Major Icon: Lee County Deputy Sheriff celebrates 50 years in law enforcement

Alabama News

LEE COUNTY, Ala. (WRBL) – An Alabama Law Enforcement icon is celebrating 50 years of service to the community with the Lee County Sheriff’s Office. Major Cary Torbert was the first African American hired as a Lee County Deputy Sheriff on October 1st, 1971. Half a century later, Torbert is one of the most respected law enforcement officials in the state and southeast.

Lee County Sheriff Jay Jones’ admiration for Major Torbert is evident. Jones has known Torbert since he began working with the Sheriff’s Office as a student in 1975. The bond has grown between the two men into a trusted relationship akin to family.

“He was just like one of my sons when he first started. I am very proud of that young man, as I call him, ” said Major Torbert about Sheriff Jones.

Sheriff Jones says Major Torbert has served as a mentor, friend, and father figure during his law enforcement career. In addition, Jones admires Torbert’s law enforcement acumen.

“He has probably forgotten more about the operation of the sheriff’s office and detention than most of us will ever hope to know. Anything positive you can say would apply to Major Torbert. I would not be where I am today without the influence of Major Cary Torbert. Period,” said Sheriff Jay Jones

October 1st, 1971, Cary Torbert became Lee County’s first African American deputy. He was 23-years-old and had just gotten out of the service after being stationed in Germany as a military police officer.

“I was supposed to go into communications in the military but became a military police officer. Then, I started falling in love with law enforcement, and I think that was the way God intended for it to be,” said Torbert.

Torbert worked long hours when he first began as a patrol deputy. Lee County was one of the few wet counties, so he spent many late hours monitoring the bars and nightclubs. He investigated crimes, worked in the court system and jail. He did it all.

“He loves this community. He loves Lee County, and he’s always served the people here with integrity. His heart has always been in the right place. I have never met anyone that didn’t like him or respect him, ” said Sheriff Jay Jones.

Torbert excelled, especially in detention. He is known to be an excellent communicator and problem solver. He oversaw three jail expansions as the county continued to grow.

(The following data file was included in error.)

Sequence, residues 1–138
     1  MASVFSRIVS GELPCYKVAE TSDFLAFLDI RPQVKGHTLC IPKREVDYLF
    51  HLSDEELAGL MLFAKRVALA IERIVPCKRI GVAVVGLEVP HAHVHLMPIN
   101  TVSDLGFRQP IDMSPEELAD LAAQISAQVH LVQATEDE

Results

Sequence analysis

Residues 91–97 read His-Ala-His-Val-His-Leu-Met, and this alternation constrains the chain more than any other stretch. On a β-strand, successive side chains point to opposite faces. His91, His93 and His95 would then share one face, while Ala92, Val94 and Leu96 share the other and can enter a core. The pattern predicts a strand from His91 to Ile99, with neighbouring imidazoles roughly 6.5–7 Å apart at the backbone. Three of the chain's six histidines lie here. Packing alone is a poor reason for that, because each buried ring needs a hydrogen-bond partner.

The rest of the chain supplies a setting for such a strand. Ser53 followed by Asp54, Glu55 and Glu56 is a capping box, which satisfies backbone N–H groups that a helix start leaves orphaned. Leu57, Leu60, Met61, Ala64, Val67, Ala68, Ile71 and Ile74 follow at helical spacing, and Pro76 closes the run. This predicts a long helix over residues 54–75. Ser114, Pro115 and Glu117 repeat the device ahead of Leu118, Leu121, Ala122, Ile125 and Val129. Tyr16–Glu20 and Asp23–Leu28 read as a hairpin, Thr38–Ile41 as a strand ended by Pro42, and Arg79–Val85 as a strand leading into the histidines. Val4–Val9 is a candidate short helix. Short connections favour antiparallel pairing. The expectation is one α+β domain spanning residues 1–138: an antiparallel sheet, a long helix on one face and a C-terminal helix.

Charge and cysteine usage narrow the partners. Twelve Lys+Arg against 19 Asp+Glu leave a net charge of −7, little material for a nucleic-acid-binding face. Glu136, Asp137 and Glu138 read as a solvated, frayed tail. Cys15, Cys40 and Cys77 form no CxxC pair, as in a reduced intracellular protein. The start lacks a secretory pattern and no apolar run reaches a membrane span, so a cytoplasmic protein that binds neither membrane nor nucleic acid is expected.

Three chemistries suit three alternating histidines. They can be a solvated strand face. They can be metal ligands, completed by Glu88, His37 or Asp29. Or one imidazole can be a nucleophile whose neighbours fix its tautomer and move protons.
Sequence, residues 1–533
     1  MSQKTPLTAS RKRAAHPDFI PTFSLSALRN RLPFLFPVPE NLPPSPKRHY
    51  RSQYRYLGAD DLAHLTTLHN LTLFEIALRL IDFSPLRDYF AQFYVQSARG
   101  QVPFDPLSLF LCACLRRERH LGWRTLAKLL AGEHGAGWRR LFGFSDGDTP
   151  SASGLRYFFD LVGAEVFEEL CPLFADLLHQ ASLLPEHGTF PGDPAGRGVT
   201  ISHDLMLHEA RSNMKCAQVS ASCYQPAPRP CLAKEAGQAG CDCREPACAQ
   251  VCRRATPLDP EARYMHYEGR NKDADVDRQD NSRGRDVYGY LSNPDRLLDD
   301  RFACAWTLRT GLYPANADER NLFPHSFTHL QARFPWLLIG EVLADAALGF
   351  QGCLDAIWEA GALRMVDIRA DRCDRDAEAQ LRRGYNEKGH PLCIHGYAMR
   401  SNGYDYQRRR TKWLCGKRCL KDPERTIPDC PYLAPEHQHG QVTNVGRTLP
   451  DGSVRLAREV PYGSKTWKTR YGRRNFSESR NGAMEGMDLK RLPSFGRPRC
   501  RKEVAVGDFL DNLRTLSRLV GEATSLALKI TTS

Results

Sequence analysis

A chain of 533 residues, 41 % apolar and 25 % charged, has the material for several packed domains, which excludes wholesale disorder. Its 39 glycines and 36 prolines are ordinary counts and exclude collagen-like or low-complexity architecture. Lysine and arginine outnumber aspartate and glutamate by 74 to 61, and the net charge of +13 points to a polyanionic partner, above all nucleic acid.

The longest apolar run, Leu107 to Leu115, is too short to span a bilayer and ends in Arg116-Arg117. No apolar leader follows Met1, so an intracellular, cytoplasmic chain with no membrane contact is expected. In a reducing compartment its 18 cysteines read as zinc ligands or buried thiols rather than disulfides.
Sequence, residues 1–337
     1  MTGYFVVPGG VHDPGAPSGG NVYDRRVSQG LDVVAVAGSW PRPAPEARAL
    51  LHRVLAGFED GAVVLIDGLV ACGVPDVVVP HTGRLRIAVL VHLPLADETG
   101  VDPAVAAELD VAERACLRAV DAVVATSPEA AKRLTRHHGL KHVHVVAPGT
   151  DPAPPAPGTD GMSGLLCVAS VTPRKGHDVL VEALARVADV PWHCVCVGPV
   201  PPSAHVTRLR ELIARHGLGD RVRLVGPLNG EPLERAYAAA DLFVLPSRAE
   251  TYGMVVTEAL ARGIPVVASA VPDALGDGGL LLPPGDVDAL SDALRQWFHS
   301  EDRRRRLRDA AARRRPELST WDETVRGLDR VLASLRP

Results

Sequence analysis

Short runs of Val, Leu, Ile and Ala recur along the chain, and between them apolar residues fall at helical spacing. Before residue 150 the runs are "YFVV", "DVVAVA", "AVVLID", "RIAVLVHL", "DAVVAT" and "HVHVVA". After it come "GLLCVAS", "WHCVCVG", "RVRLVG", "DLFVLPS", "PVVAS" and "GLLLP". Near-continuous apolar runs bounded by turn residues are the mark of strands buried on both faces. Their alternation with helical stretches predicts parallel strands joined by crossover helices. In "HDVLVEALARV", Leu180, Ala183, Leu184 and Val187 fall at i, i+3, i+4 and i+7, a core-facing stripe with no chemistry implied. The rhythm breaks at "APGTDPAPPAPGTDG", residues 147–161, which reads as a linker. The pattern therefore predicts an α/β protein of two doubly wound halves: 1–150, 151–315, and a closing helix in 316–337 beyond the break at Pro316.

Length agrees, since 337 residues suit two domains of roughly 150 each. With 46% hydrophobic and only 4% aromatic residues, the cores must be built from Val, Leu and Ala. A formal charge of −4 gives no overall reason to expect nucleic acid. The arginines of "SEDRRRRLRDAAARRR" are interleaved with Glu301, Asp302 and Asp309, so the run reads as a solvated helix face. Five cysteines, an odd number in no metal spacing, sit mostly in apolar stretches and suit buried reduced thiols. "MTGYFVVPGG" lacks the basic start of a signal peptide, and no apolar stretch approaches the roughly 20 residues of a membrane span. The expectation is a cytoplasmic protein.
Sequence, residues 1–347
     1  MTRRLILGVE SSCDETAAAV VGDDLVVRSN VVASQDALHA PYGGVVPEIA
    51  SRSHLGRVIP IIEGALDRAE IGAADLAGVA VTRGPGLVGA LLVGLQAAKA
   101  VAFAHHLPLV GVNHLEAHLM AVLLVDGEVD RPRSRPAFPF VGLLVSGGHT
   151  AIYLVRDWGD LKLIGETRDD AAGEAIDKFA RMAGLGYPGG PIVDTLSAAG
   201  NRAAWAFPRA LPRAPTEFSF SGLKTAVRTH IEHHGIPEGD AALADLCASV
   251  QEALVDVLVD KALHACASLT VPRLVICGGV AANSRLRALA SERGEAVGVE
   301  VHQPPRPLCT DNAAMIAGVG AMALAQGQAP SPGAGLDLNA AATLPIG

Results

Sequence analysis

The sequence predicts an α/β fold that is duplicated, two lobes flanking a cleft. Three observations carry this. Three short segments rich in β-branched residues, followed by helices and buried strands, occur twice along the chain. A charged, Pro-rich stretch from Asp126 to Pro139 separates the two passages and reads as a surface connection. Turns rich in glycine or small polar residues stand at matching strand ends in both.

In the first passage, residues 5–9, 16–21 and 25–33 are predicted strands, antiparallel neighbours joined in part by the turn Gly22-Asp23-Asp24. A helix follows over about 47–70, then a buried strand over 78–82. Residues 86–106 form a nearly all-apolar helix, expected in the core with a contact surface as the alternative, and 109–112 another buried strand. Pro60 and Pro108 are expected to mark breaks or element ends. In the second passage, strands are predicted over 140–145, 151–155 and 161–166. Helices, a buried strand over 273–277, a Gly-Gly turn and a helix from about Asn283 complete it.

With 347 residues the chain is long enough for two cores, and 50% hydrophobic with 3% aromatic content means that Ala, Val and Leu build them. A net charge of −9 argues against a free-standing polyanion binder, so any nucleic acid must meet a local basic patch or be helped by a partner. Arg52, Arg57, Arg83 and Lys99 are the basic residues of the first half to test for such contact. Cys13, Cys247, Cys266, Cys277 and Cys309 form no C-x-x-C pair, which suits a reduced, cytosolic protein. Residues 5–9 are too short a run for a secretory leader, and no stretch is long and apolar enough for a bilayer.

“In my 52 years, including the two in the service, I never had to draw my weapon and fire it at anybody. I have been able to talk to them and understand why they are frustrated. With God at my back a lot of time, we were able to deescalate situations,” said Torbert.

At 73, Major Torbert now works part-time with the Sheriff’s Office. Torbert tried to retire a few years ago, but it never seemed right. Plus, Sheriff Jones told Torbert his expertise was needed as a trusted advisor and mentor.

Torbert’s greatest love, other than law enforcement and his community, is his close-knit family. He’s been married to his wife for 50 years. Together, they have three children and several grandchildren. Torbert, who is deeply spiritual, beams with pride when discussing his family. He’s been a father figure for so many, including inmates he’s worked with over the years. A conversation with Major Torbert can be transformative, especially for a person needing a correction in life.

“I see people on the streets now that gave me problems in the jail, and they say, Major, I thank you for what you did for me. I needed that talk you gave me. I am a better man for it. I am going to try and change people’s lives. If people would understand, especially young folks, would understand you can’t take a bullet back, but you can sit down talk through any problem you have,” said Torbert.

Major Torbert has an open-door policy. If you have a problem, he’s there to discuss it with you. He is a living encyclopedia of the Lee County Sheriff’s Office. He knows the good times, and he honors the bad. He remembers the murder of Deputy James Anderson, who was killed in the line of duty like it was yesterday. He mourns the recent loss of 77-year old Freddie Rowell, who recently passed away from COVID-19. He reminds us all; life is to be cherished.

“We need to remind some people life is precious, they only get one chance, and they need to take those chances and make them good,” said Torbert.

Torbert took his chance and made history. He raised a family. He gave selflessly to his community and helped steer hundreds, if not thousands of friends and strangers onto the right path. Major Cary Torbert is a law enforcement icon and a community hero.

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